What is James Robinson’s outlook in dynasty?
By: Dave Stewart (Twitter: @davefantasy)
When it comes to fantasy football, few positions spark as much debate as running back. In dynasty leagues, those debates are magnified, and James Robinson is among the most controversial players you will find.
An undrafted free agent, Robinson caught the fantasy world by surprise when he became the opening day starter for the Jacksonville Jaguars. The team cut ties with previous three-year starter, Leonard Fournette, vaulting Robinson into the lead role.
While many fantasy managers scrambled to acquire the rookie following the Fournette news, not many people had a clear view of what they should expect. The season that Robinson delivered was beyond anyone’s expectations. The first-year pro from Illinois State ran his way to being the fifth-leading rusher in the NFL, tied with Chicago’s David Montgomery.
Montgomery is another polarizing fantasy figure, but that is a tale for another time. Robinson had 344 receiving yards to add to his 1,070 rushing yards. When combined with his 10 total touchdowns, it is enough to rank him fourth among running backs in a PPR format.
On the year, the rookie back averaged 4.5 yards per carrying, and with a 27.3% juke rate, he finished among the league leaders in evaded tackles per game. So, it is a feel-good story culminating with Robinson as a solid RB1 going forward, right? Well, that depends on who you ask.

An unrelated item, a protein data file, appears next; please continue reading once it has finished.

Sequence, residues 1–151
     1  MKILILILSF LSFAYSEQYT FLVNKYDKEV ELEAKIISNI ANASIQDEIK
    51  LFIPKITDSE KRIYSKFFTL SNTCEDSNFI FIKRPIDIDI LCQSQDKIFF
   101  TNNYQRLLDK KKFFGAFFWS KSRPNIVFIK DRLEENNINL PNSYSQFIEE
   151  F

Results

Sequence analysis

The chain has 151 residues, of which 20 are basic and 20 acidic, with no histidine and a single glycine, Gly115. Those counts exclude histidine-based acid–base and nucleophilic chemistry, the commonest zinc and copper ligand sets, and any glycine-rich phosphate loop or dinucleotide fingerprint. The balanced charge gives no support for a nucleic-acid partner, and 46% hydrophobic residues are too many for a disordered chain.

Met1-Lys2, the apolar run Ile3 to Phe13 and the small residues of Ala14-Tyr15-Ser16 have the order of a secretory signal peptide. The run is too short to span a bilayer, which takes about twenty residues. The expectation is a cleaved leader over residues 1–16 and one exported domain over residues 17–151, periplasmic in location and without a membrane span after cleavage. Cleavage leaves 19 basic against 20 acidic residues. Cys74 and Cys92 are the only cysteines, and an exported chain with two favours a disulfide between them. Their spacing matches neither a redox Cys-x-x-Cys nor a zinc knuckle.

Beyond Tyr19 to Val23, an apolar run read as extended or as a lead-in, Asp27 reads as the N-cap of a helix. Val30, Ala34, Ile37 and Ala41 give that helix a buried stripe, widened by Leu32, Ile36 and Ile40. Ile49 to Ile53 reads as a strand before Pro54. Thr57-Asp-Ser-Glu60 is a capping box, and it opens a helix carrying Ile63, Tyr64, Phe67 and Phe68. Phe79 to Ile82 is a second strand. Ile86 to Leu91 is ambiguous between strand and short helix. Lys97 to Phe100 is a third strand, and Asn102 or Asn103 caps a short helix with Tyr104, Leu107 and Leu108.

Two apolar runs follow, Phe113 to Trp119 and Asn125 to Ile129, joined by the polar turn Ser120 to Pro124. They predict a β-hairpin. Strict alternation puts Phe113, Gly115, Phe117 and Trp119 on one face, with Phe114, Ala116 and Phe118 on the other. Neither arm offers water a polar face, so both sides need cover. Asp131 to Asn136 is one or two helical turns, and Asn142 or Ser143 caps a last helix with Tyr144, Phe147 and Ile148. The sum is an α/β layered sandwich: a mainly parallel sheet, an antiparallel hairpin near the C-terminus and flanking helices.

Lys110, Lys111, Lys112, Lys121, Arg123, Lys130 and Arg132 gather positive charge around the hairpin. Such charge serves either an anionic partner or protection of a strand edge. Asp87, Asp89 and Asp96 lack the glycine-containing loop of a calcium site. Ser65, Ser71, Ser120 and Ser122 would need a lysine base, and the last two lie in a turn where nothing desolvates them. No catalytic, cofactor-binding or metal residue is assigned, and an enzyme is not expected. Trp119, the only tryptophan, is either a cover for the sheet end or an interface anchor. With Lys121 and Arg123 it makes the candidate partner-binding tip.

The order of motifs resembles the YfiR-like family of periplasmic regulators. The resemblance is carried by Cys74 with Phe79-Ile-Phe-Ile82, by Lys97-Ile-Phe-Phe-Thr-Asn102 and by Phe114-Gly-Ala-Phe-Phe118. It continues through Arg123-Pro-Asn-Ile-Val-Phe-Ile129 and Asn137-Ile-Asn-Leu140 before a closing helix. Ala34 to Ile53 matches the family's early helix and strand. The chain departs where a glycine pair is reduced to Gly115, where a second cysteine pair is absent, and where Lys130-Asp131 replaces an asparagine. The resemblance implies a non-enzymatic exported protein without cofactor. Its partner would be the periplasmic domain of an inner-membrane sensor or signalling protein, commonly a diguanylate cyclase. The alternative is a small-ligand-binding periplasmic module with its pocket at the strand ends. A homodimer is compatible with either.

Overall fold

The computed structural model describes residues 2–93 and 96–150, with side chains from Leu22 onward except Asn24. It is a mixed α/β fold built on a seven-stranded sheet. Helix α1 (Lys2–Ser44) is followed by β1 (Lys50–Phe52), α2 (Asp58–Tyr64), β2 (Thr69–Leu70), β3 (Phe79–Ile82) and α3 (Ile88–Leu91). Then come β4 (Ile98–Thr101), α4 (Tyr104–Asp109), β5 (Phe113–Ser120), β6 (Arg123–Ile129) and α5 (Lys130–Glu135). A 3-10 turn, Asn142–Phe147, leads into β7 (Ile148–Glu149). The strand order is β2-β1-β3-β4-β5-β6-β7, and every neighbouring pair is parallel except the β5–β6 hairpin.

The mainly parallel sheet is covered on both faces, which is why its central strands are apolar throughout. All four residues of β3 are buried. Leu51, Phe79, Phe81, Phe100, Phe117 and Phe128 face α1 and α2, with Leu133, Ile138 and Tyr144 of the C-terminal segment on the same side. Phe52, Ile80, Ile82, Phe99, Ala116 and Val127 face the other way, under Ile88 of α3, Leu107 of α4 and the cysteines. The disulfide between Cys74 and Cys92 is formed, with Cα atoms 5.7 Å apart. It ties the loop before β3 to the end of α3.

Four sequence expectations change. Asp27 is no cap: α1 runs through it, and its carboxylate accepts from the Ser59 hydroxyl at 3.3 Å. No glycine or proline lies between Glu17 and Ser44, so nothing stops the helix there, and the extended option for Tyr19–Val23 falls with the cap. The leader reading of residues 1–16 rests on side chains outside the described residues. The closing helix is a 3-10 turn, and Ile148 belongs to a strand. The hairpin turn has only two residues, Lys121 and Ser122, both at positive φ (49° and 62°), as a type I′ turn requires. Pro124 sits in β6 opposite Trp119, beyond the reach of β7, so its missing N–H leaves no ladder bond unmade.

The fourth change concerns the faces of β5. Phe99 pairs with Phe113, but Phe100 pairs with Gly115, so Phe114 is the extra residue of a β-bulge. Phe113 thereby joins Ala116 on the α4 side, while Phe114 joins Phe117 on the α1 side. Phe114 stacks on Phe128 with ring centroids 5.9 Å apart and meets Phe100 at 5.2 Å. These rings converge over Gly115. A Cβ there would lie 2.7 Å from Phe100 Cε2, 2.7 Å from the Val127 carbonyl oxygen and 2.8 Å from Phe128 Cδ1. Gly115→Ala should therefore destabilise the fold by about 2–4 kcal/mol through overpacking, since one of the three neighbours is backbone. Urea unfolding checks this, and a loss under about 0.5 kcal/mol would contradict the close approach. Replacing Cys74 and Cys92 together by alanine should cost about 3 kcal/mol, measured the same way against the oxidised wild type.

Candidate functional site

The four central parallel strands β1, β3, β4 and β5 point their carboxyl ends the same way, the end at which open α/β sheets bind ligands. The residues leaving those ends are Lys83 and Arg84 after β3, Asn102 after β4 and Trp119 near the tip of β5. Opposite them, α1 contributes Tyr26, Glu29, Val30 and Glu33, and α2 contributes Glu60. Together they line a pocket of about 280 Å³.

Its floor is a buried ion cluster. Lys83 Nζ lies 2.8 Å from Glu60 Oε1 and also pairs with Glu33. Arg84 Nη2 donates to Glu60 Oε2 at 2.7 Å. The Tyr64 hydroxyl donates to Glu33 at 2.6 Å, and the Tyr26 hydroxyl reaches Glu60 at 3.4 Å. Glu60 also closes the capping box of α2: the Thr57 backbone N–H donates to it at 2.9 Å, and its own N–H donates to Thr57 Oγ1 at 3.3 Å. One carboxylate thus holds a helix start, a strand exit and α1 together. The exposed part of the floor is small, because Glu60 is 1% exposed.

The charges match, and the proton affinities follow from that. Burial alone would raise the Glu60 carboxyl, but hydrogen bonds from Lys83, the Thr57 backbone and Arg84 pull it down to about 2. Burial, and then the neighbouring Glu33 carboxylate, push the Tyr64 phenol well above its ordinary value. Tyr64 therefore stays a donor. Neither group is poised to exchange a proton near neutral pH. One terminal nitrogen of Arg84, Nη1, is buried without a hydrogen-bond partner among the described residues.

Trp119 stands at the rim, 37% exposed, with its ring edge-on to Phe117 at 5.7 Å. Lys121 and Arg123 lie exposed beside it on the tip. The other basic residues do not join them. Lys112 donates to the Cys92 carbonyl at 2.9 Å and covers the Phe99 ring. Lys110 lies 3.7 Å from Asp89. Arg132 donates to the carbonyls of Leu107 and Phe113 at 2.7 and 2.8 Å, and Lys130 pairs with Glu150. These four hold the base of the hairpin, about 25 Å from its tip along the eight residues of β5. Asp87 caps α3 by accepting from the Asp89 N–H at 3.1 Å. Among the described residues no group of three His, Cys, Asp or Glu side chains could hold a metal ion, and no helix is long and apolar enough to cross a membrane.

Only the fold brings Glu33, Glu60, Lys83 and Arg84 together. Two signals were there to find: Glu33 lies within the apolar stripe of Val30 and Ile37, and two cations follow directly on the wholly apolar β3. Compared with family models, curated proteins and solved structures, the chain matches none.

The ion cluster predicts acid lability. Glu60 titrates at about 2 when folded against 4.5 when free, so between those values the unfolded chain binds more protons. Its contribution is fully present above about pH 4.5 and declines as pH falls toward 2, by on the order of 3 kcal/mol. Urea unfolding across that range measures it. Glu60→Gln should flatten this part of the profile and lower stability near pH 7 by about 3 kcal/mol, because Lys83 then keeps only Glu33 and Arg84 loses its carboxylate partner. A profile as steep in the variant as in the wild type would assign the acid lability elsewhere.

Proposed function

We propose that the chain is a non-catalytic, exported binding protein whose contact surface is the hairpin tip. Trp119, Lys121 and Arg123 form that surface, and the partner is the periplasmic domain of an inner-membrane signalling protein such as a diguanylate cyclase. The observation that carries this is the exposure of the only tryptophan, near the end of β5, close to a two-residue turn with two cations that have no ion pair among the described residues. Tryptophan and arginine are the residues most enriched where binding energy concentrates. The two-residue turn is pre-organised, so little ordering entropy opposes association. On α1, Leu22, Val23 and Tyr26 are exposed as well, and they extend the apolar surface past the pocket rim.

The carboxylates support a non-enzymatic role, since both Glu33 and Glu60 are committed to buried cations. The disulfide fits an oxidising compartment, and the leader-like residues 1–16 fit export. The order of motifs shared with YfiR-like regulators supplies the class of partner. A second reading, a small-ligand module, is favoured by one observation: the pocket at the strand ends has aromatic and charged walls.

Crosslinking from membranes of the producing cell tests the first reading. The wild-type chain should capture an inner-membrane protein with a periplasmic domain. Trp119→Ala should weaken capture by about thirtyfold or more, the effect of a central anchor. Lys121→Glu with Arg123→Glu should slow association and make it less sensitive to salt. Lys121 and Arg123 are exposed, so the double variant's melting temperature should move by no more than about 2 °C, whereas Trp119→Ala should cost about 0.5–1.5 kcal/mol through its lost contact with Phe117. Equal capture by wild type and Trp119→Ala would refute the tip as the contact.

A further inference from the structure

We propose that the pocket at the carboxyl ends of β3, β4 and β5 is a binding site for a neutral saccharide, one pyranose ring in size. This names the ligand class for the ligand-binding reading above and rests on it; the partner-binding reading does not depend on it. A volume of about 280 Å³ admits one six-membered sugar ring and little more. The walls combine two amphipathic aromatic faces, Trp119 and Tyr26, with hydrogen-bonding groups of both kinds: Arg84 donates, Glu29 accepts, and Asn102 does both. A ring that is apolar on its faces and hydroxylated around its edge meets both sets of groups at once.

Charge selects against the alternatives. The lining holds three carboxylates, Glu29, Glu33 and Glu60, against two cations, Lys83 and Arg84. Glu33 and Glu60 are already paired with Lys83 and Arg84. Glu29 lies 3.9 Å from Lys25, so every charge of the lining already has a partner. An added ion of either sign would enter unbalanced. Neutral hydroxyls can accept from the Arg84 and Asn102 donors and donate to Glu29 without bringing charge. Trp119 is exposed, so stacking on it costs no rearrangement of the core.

Jacksonville has no draft capital invested in Robinson, and as a result, they pay him next to nothing. It is the kind of situation the team could walk away from with very little financial consequence. Also, Robinson’s 81.5% opportunity share led the league. It stands to reason that he will not see such a high percentage of the team’s running back workload next season, even if just to give him a break.
I expect there will be an additional face or two in the running back room when camp opens. The question is, how is his workload affected? Coming off a 2-14 season, there are many holes to address on the roster.
After the production that Robinson provided them, it does not appear that running back is one of them. Therefore, it is unlikely that the team will seek to draft a ball carrier early or surrender a great deal of salary-cap space in free agency.
Any incoming backs will probably be drafted late or found as a bargain on the free-agent market. Robinson’s spot on the depth chart should not be impacted.
The Jaguars also finished with the fewest rushing attempts in the league, although some of that can be attributed to playing from behind so frequently. Should they find a little more success in 2021, that number could certainly rise.
Now, take into account that Jacksonville has cleaned house, firing their head coach and general manager. While the general manager role remains open, the belief is that interim GM, Trent Baalke, will be officially given the full-time gig.
The Jags made a high-profile hire at head coach. Urban Meyer steps up to the NFL after establishing himself as a winner at the NCAA level.
It is too early to tell how Jacksonville’s offense will look under Meyer or what his run scheme will mean for Robinson. Yet, with such a successful rookie campaign under his belt, Robinson finds himself in a great position to continue his enviable fantasy output. Though undrafted players do not have a history of fantasy dominance, Robinson certainly appears to be an outlier, when it comes to this trend.
I would be looking to acquire Robinson if the manager in your league is nervous about his future role, and if you are that manager, I would hesitate to part with him for anything short of a sweetheart deal.
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